Published in The Tennessean May 18, 2015
By Ed Rappuhn – SCORE Nashville
“How do I set goals and sales quotas to maximize profits?”
Previously I’ve addressed SMART goals – goals that are Specific, Measurable, Achievable, Relevant and Timely. The specific and measurable parts are relatively easy; sales quotas are almost always specific and measurable.
Are your goals achievable? If you set the bar too low, the goal is attainable but doesn’t motivate. If set too high, the goal can lead to frustration and potential disengagement. Look at the psychology of the person for whom the goal is set. Some people love a challenge and others need a more reasonable goal.
Consider monthly targets that lead towards meeting your overall goal. Smaller targets create opportunities for periodic feedback and review. If someone continually misses his target, is there a problem with the number of sales calls he’s making, the quality of his presentations, his closing technique, or is it possible his goal is too high? What if another sales person consistently exceeds her monthly target? Does she have a better territory, more experience, better resources, or is she simply a better sales person? Does she need a higher goal?
If commissions or bonuses depend on achieving a goal, people have a tendency to take it easy once they reach it. If you meet your sales quota, what’s the benefit of selling more? It likely means next year’s quota will be even higher. If bonuses are paid based on reaching a certain level of profit; some might be tempted to “hold back” on closing the next sale to jump start the following period. Consider implementing ramped compensation that pays higher percentages as goals or quotas are exceeded.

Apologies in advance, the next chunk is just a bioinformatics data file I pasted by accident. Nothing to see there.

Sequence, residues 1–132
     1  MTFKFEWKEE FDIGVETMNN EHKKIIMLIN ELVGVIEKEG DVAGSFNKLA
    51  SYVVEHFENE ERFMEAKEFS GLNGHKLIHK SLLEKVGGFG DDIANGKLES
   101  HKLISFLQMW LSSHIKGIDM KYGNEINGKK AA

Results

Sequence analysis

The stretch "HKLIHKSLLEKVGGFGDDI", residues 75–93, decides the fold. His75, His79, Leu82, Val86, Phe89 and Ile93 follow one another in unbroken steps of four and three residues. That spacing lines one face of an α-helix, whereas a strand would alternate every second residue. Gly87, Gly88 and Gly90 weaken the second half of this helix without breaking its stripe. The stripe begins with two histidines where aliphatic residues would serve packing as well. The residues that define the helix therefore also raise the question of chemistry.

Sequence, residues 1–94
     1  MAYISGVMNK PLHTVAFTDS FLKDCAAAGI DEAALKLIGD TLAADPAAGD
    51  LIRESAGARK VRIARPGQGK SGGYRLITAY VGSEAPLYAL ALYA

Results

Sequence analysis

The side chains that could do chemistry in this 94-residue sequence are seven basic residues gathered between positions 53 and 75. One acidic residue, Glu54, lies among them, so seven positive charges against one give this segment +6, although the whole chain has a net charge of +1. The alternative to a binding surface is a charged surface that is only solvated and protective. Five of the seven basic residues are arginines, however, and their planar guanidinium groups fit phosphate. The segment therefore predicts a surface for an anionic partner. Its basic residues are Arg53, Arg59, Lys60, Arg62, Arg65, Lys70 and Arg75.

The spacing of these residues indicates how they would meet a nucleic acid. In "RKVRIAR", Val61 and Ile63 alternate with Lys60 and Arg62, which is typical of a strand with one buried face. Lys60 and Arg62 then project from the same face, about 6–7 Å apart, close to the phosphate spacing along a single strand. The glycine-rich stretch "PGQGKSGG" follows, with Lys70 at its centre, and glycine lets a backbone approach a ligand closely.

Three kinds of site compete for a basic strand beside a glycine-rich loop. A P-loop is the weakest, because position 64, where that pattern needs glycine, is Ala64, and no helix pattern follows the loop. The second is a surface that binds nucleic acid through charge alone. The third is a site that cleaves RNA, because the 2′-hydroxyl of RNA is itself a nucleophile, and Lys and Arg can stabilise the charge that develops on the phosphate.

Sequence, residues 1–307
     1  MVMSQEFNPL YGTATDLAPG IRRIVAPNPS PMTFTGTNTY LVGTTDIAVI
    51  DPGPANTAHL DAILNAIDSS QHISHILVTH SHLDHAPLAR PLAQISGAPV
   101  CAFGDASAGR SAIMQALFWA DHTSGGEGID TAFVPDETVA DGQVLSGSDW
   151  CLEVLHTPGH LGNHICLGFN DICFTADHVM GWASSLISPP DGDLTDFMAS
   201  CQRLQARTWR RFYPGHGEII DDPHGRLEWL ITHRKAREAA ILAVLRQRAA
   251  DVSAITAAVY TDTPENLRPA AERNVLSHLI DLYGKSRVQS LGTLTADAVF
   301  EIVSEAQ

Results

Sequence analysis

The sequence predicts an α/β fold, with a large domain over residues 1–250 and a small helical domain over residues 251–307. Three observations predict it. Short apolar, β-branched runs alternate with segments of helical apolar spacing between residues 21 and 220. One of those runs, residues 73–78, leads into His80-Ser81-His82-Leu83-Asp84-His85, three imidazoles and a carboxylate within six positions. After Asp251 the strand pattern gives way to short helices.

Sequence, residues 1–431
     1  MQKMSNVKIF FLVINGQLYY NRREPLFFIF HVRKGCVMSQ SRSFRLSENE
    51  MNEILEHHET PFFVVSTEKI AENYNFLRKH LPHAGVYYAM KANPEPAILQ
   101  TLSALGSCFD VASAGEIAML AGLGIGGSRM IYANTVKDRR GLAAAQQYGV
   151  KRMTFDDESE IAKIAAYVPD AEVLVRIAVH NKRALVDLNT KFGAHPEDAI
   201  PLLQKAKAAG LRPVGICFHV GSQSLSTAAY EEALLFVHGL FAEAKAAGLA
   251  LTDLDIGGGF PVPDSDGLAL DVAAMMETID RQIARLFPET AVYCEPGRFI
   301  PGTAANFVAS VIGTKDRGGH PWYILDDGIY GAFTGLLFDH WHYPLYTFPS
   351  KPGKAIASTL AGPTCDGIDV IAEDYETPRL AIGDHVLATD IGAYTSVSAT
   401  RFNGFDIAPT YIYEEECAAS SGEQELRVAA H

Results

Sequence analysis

Make sure the goal is relevant to maximizing profits. If you are paying commissions or bonuses based strictly on sales figures are you boosting profits? You can sell a lot of $15,000 cars for $10,000 but you’d be losing money on each sale. Make sure your goals are profit-related or that there are enough checks in place to ensure that each sale contributes to overall profitability.
It’s important that there is a time element to your goals. But if discounting the sale to close the deal today results in a $500 profit, it might be better to sell at full price next week for a $900 profit. One of the benefits of owning a small business is that you can make the decision based on your best long-term interests, not on corporate cravings for current period sales.
The way you set goals to maximize profits varies from business to business and person to person. Talk with a mentor or someone in your industry to think through how to set goals for your business.
Ed Rappuhn is a mentor, workshop facilitator, and the past-chair of SCORE Nashville. SCORE mentors guide entrepreneurs in starting and growing their businesses. Sign up for a free SCORE mentor, find out about our reasonably priced workshops and other services, or volunteer to become a SCORE member at www.scorenashville.org .